Hydrocodone Treatment & Rehab in Colorado
In Colorado many opioids are problematic, and like so many other states in America, Colorado is facing an epidemic with these drugs. Opioids include street drugs like heroin, as well as prescription painkillers like hydrocodone. Whether you live in Boulder, Denver, Colorado Springs or a smaller town or city in Colorado, you likely know someone who has struggled with an opioid abuse problem, or maybe you have one yourself.
The opioid epidemic across Colorado has left hardly anyone untouched, whether directly or indirectly, and hydrocodone is one of the primary culprits.
Hydrocodone is the painkiller in drugs like Vicodin, and it’s also in other drugs like Zohydro ER. Among opioids, hydrocodone is one of the ones most commonly abused. It works by binding to opioid receptors in the central nervous system and slowing down the processes controlled by the CNS.
There’s an unfortunate perception that still lingers in Colorado and elsewhere that because a drug like hydrocodone is prescribed by doctors, it’s safe. Hydrocodone has very real risks, one of which is addiction. It can also create a physical dependence.
Hydrocodone Treatment in Colorado
As more people have been prescribed hydrocodone, it’s also become more widely abused, and this isn’t just the case in Colorado. Even as doctors and public health officials are working on ways to reduce the number of available opioids and prescriptions, it’s difficult to slow the flow of these drugs into the marketplace.
The use of hydrocodone can be incredibly habit-forming, and a physical and chemical dependency can occur relatively quickly. In some people, there may be an addiction to hydrocodone after only using it a few times. Addiction is more likely to develop in people who abuse the drug or don’t take it as prescribed, but even in people who follow their prescription, there is the potential for addiction.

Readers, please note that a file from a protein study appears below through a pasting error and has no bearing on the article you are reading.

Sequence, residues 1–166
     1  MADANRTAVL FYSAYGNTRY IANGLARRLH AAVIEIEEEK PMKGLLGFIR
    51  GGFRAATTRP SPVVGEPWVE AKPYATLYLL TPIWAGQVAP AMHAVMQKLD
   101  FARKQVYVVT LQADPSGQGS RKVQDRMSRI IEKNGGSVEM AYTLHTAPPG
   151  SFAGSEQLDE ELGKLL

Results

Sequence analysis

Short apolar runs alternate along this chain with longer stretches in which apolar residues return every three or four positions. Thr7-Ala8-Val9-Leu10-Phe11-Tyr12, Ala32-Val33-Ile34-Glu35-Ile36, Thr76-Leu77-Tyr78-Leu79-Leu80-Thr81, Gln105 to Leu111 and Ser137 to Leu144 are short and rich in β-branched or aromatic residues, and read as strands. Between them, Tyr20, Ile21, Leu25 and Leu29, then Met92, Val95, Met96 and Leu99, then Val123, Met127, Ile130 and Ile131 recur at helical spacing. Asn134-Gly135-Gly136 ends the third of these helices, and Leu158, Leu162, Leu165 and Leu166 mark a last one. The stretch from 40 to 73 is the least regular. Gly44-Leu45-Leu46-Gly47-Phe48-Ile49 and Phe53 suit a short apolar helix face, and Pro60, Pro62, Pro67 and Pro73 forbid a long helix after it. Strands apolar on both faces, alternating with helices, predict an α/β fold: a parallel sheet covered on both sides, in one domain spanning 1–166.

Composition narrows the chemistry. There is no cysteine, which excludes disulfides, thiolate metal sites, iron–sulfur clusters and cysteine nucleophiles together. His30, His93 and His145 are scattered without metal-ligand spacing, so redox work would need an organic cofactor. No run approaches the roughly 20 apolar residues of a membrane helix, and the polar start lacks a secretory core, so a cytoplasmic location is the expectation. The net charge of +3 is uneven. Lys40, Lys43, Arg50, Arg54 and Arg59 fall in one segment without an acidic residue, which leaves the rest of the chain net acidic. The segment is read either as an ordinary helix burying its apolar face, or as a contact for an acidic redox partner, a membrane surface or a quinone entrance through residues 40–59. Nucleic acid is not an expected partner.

Some of the signs you may be abusing the drug and might require treatment for hydrocodone addiction include:
- If you have a prescription to hydrocodone but you take more of it or take it more often than you’re supposed to
- Starting to neglect other responsibilities in your life
- Trying to stop using hydrocodone on your own but finding you’re unsuccessful
- Being preoccupied with the use of hydrocodone or constantly thinking about your next dose
- Continuing to use hydrocodone even when negative consequences occur
The signs of a psychological addiction are different from physical dependence it should be noted. With physical dependence, your body becomes so used to the presence of the drug that if you stop using it suddenly, you will experience withdrawal. Physical dependence can occur with or without a psychological dependence.
One of the biggest mistakes that people make when they’re trying to combat a hydrocodone addiction is that instead of exploring professional hydrocodone addiction treatment options, they think they can stop using the drug simply by doing it on their own.
Addiction is a complex disease of the brain, and treatment for hydrocodone addiction needs to address it in a multifaceted way. The most successful treatment for hydrocodone addiction usually includes a stay at a professional rehab center, and a combination of medicine and behavioral interventions, as well as long-term aftercare planning.